Today, the Shattered Lens celebrates the 78th birthday of the iconic screenwriter and director, John Milius!
While director Francis Ford Coppola definitely put his own stamp on 1979’s Apocalypse Now, the film started life as a script written by John Milius and the film itself is full of dialogue that could only have been written by Milius. The most famous example is Robert Duvall’s monologue about the smell of napalm in the morning. Actually, the entire helicopter attack feels like pure Milius. Reportedly, Duvall’s character was originally named Colonel Kharnage but, by the time the movie was made, his name had become Kilgore. It’s still not exactly a subtle name but it’s not quite as obvious as Kharnage.
(When James Caan read the script, he loved the role so much that he was offended to not be offered it and, as a result, he turned down offers to play not only Willard but also Kurtz.)
4 Or More Shots From 4 Or More Films is just what it says it is, 4 shots from 4 of our favorite films. As opposed to the reviews and recaps that we usually post, 4 Shots From 4 Films lets the visuals do the talking!
Today, we celebrate the 91st birthday of one of the finest American actors out there, Mr. Robert Duvall. Ever since he made his film debut in 1962’s To Kill A Mockingbird, Duvall has been a regular presence in American cinema. He’s an actor who has appeared in some of the best American films ever made (The Godfather, Network, Apocalypse Now, To Kill A Mockingbird, Tender Mercies, and others) and he’s played a wide variety of characters. He’s been everything from a lawyer to a cowboy to a network executive to a professional criminal to a cop and he’s never been less that convincing. He’s got a filmography about which anyone would be jealous. And, at an age when most actors have retired, Duvall is still working and taking the occasional part.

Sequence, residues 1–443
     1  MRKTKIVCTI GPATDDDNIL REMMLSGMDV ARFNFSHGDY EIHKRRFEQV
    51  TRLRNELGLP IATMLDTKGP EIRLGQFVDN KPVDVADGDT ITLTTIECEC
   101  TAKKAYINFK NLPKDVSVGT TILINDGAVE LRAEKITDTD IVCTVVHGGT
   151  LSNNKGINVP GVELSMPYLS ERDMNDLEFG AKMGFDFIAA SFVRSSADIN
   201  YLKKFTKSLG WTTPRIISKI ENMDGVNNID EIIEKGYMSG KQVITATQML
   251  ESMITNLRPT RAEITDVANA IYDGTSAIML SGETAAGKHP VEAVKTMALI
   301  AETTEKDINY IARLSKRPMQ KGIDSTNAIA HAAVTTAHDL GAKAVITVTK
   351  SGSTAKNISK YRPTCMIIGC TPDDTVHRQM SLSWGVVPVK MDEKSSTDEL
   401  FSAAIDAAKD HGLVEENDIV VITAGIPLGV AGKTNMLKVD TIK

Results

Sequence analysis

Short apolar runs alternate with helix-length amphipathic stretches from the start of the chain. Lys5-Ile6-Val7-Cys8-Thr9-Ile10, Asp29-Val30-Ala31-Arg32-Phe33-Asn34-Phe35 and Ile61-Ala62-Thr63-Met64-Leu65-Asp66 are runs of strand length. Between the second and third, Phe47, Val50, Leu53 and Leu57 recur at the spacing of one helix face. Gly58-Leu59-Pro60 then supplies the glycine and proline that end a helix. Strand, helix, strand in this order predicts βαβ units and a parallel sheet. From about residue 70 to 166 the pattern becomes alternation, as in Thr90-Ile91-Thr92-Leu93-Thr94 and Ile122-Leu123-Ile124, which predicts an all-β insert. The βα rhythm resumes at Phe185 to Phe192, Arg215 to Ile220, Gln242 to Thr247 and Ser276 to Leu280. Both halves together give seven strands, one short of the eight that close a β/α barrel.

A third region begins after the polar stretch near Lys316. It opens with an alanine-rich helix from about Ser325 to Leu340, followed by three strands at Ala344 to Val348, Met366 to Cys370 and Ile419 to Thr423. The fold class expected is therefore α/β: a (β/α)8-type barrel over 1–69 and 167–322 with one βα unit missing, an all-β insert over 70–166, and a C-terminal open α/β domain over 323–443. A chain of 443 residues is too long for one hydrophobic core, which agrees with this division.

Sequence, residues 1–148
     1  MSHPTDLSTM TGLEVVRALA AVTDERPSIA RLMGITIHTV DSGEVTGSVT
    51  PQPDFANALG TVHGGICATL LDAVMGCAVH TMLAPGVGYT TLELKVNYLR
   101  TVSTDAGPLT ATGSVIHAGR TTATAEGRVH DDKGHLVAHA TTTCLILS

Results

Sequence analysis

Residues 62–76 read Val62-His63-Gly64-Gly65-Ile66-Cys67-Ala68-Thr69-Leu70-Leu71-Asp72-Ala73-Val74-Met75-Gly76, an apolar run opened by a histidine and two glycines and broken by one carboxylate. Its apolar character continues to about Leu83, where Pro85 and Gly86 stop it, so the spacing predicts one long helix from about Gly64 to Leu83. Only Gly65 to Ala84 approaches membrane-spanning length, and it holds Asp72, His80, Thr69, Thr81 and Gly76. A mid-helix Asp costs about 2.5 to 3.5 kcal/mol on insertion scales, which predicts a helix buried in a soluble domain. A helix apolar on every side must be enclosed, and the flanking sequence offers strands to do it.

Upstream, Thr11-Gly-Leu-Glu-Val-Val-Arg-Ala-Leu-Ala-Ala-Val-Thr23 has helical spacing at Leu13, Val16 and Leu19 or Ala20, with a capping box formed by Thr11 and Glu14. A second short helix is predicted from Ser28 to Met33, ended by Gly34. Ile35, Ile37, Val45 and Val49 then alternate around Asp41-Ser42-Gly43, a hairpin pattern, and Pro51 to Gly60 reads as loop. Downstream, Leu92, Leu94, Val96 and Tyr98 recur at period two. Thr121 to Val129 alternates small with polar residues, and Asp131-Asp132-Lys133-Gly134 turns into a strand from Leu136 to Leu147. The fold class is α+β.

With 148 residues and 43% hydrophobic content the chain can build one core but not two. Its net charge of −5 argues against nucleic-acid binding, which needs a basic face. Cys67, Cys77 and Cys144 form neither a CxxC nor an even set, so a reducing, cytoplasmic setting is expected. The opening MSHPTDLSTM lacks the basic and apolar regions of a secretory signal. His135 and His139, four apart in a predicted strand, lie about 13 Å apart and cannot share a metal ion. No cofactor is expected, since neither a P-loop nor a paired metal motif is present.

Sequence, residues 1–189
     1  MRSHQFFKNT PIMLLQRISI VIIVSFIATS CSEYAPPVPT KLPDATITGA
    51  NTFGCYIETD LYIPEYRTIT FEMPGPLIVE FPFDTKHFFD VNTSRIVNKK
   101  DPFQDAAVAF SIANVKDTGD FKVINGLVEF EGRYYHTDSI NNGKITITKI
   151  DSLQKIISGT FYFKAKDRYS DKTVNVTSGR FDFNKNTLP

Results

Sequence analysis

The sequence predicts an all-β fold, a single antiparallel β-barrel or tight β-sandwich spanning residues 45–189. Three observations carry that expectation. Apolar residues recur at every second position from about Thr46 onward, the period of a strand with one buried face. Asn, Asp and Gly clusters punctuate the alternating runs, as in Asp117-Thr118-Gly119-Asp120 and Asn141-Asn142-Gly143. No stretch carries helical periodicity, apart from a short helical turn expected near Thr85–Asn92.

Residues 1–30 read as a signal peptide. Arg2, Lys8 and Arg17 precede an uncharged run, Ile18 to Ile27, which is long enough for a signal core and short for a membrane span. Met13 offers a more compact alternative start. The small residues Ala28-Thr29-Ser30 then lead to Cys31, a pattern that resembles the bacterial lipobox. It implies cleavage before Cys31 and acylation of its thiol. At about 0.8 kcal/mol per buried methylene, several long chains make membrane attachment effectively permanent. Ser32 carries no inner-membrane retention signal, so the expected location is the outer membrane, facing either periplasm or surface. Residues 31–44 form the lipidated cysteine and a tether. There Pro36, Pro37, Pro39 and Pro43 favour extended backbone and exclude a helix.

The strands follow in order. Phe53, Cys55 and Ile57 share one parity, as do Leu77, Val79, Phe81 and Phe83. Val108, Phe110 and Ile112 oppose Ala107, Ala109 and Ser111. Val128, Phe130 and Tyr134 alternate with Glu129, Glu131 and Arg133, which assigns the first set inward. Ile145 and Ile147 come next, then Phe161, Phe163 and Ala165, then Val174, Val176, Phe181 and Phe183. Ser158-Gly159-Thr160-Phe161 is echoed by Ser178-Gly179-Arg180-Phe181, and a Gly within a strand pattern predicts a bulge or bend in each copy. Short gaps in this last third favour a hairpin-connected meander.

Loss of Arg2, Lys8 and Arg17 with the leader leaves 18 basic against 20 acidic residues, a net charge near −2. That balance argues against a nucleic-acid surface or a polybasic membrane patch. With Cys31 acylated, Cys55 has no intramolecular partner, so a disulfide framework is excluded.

On a personal note, I have to say that, for someone who was born in California, raised in Maryland, and who started his career in New York, Robert Duvall is one of the few actors to have perfected both the Southern and the Southwestern accent. Whenever I see him playing a Texan, I always have to remind myself that he’s not actually from around here.
In honor of Robert Duvall’s birthday, here are….
6 Shots From 6 Robert Duvall Films
To Kill A Mockingbird (1962, dir by Robert Mulligan, DP: Russell Harlan)
MASH (1970, dir by Robert Altman, DP: Harold E. Stine)
Apocalypse Now (1979, dir by Francis Ford Coppola, DP: Vittorio Storaro)
True Confessions (1981, dir by Ulu Grosbard, DP: Owen Roizman)
The Apostle (1997, dir by Robert Duvall, DP: Barry Markowitz)
The Judge (2014, dir by David Dobkin, DP: Janusz Kamiński)
Last night, as a part of our attempt to make some space on the DVR so that I can record every upcoming episode of The Bachelorette and she can record the World Series, Erin and I watched the 2011 film, Seven Days In Utopia.
Seven Days In Utopia is a Texas-set (and Texas-filmed) movie about a young pro golfer named Luke Chisholm (played by Lucas Black) who has a very public meltdown while in the middle of a tournament. Feeling that his career is pretty much over, Luke jumps in his car and goes speeding around Southwest Texas. Because he’s not pay attention to the road (which, I’ll be honest, occasionally happens when you’re driving through rural Texas.), he almost doesn’t notice the cow standing in front of his car. Fortunately, Luke swerves and avoids the cow. Unfortunately, he crashes through a fence.